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Studio: Christopher Boots

From his Footscray studio, lighting designer Christopher Boots creates pendants drawn from geometry, science and nature.

As a teenager, before he really knew what industrial design was, Christopher Boots welded, concreted and knocked together objects in the family shed. Among them were furniture and lamps, as well as a life-sized giraffe made of scrap metal and chicken wire that filled the backyard. “I still can’t believe my mum let me do that,” the Melbourne-based lighting designer says of that memorable monstrosity.

Christopher’s adolescent drive to create was eventually refined through a Swinburne University of Technology industrial design degree. In 2005, just months after he completed the degree, he went with his friend Volker Haug (now another dynamo of lighting) to the studio of prominent lighting designer Geoffrey Mance. After Mance tragically passed away in 2007, Christopher became one of the studio’s very young directors.

In 2011 Christopher went solo, launching the Christopher Boots brand with a collection of elegant pendants that draw on geometry, science and nature. The first of these was Simple, a family of expansive, slightly industrial rods arranged into the shapes of the letters in their names, such as Simple I and Simple X. The angular skeleton of his ORP (Oblique Rhombic Prism) light was based on principles found in Kabbalah and sacred geometry. Then came BCAA (Branch Chain Amino Acid), in which spherical globes are the atoms of a molecule bound together by lacquered brass.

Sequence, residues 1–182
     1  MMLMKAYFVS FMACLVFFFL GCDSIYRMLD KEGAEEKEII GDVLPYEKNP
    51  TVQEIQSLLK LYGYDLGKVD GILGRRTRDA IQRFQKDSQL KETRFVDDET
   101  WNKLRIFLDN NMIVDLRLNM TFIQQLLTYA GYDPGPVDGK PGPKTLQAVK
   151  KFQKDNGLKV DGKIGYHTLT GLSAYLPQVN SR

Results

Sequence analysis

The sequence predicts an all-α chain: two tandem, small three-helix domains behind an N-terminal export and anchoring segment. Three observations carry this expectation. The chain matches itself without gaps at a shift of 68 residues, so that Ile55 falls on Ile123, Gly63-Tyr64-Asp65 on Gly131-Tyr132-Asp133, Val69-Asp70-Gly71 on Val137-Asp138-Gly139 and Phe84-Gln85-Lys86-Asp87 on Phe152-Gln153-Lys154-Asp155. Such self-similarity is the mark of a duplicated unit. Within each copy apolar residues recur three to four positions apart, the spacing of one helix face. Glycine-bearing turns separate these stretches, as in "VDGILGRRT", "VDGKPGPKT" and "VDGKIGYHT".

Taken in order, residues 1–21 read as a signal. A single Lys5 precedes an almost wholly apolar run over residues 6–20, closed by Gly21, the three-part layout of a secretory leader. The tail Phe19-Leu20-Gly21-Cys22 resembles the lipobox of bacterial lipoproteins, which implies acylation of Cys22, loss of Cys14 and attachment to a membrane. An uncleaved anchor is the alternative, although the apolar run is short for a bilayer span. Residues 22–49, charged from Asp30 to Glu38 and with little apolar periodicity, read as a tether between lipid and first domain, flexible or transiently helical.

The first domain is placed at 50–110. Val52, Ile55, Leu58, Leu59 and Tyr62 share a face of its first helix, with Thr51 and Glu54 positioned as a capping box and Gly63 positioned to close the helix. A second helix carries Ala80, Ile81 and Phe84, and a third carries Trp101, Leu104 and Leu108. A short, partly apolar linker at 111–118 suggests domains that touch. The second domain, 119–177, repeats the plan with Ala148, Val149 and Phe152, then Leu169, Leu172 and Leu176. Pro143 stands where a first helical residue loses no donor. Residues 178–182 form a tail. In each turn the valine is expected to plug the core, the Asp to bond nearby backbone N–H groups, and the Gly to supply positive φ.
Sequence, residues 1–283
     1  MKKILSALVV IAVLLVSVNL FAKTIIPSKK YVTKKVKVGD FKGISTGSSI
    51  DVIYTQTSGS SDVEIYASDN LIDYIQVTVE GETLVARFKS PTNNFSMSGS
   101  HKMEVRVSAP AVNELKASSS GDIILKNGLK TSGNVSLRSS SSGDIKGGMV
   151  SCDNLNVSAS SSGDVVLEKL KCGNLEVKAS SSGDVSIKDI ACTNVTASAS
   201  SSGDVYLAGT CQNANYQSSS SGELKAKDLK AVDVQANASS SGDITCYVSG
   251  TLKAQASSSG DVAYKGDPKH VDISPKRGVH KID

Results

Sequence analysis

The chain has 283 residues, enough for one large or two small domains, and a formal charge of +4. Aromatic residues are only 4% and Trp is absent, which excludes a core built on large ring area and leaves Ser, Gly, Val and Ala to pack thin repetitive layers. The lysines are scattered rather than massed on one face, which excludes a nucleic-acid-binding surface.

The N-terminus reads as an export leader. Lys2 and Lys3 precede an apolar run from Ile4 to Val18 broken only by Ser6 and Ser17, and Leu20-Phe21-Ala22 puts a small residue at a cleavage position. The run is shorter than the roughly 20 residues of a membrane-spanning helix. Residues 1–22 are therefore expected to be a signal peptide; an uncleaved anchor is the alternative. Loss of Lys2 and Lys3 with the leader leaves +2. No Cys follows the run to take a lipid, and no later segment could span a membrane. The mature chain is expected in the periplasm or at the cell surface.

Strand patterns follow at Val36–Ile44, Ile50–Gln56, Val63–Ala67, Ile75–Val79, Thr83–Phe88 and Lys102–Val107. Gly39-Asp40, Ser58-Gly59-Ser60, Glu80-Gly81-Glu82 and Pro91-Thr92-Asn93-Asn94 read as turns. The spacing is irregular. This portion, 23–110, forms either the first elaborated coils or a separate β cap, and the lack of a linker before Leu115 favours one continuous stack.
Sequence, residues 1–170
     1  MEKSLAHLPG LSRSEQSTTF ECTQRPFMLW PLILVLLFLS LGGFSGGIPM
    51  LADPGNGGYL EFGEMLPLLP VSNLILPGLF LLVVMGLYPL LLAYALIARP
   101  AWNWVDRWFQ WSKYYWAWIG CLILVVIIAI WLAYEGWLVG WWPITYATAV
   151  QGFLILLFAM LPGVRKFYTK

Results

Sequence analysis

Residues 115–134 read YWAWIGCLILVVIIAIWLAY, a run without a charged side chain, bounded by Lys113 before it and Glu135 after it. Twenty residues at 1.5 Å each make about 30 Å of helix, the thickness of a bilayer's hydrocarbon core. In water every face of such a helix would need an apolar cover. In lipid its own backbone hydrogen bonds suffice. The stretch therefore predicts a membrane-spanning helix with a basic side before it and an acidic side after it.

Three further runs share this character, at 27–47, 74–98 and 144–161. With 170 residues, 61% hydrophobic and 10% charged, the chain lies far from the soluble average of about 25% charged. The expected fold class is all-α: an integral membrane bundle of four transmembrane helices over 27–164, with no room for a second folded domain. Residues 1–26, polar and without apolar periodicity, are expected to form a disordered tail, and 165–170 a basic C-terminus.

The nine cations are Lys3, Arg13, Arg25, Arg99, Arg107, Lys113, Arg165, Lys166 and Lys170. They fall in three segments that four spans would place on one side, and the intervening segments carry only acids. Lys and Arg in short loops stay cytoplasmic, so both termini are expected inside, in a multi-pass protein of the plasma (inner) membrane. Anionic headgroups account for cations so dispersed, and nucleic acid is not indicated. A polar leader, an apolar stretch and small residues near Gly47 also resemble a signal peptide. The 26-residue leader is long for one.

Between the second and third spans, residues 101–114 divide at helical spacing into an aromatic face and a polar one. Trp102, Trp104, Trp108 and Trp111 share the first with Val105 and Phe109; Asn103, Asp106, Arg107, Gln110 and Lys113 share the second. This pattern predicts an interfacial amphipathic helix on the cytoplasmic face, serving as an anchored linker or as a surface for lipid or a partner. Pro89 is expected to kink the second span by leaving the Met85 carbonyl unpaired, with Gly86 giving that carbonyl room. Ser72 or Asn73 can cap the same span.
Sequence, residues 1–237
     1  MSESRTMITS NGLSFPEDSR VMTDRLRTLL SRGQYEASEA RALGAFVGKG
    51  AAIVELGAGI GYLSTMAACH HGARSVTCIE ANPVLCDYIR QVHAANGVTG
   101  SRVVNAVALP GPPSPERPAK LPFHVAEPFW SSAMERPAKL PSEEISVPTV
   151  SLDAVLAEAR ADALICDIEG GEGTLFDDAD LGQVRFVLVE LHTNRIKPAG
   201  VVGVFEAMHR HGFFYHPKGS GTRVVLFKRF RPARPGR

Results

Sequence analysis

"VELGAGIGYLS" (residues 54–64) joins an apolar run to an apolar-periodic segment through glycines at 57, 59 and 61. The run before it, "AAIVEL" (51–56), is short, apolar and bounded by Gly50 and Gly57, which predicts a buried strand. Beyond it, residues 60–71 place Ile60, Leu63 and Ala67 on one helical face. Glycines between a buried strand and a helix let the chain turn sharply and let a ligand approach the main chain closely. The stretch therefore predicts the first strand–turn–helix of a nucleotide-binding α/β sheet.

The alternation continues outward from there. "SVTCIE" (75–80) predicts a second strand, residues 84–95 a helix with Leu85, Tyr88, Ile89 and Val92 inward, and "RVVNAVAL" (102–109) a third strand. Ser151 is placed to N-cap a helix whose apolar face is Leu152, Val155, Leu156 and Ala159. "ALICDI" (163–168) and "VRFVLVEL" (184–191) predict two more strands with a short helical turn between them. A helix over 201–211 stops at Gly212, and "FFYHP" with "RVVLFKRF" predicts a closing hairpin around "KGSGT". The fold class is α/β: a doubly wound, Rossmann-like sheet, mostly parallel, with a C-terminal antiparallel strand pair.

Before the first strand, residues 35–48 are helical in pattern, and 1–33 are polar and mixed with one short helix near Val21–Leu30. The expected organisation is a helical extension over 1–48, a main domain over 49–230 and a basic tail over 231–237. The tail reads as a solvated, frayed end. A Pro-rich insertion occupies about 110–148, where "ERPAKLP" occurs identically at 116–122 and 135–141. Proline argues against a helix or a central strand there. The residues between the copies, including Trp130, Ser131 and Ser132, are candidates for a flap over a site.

Diamond Ring features earth magnets and detachable quartz crystals.

Diamond Ring features earth magnets and detachable quartz crystals.

Image: John Tsiavis

Always querying how an object will tarnish and collect dust (“I want it to look even better as it gets older”), Christopher has left Simple’s copper elements raw so that they absorb the fingerprints of anyone who touches them. Such interactivity is crucial to the designs: Diamond Ring features a rare earth magnet with attached quartz crystals that can be removed for cleaning or even rearrangement, à la floristry. Christopher is also exploring technologies that could be used to create lights that alter depending on the number of people in the room, or on the quality of light already present.

Throughout 2012, Christopher will evolve his collection from pieces that draw on the atomic level to also include those inspired by larger organisms. There will be feathers, textures and colours. “My intention has been to start the brand as something that is relatively simple and almost arrestingly unassuming, and then as the collection develops it gets quirkier, stranger, maybe even sculptural, but stays true to that small batch ethos,” he says.

Christopher, assisted by the specialist skills of local artisans, assembles all the lights at his studio in Footscray, Melbourne. With his collection recently released to the gargantuan US market, this hands-on process could soon become far more intensive. But the kid who brought giraffes to a suburban backyard is up for the challenge.




Published online: 17 Aug 2012
Words: Alexandra Roginski
Images: John Tsiavis


Houses, June 2012

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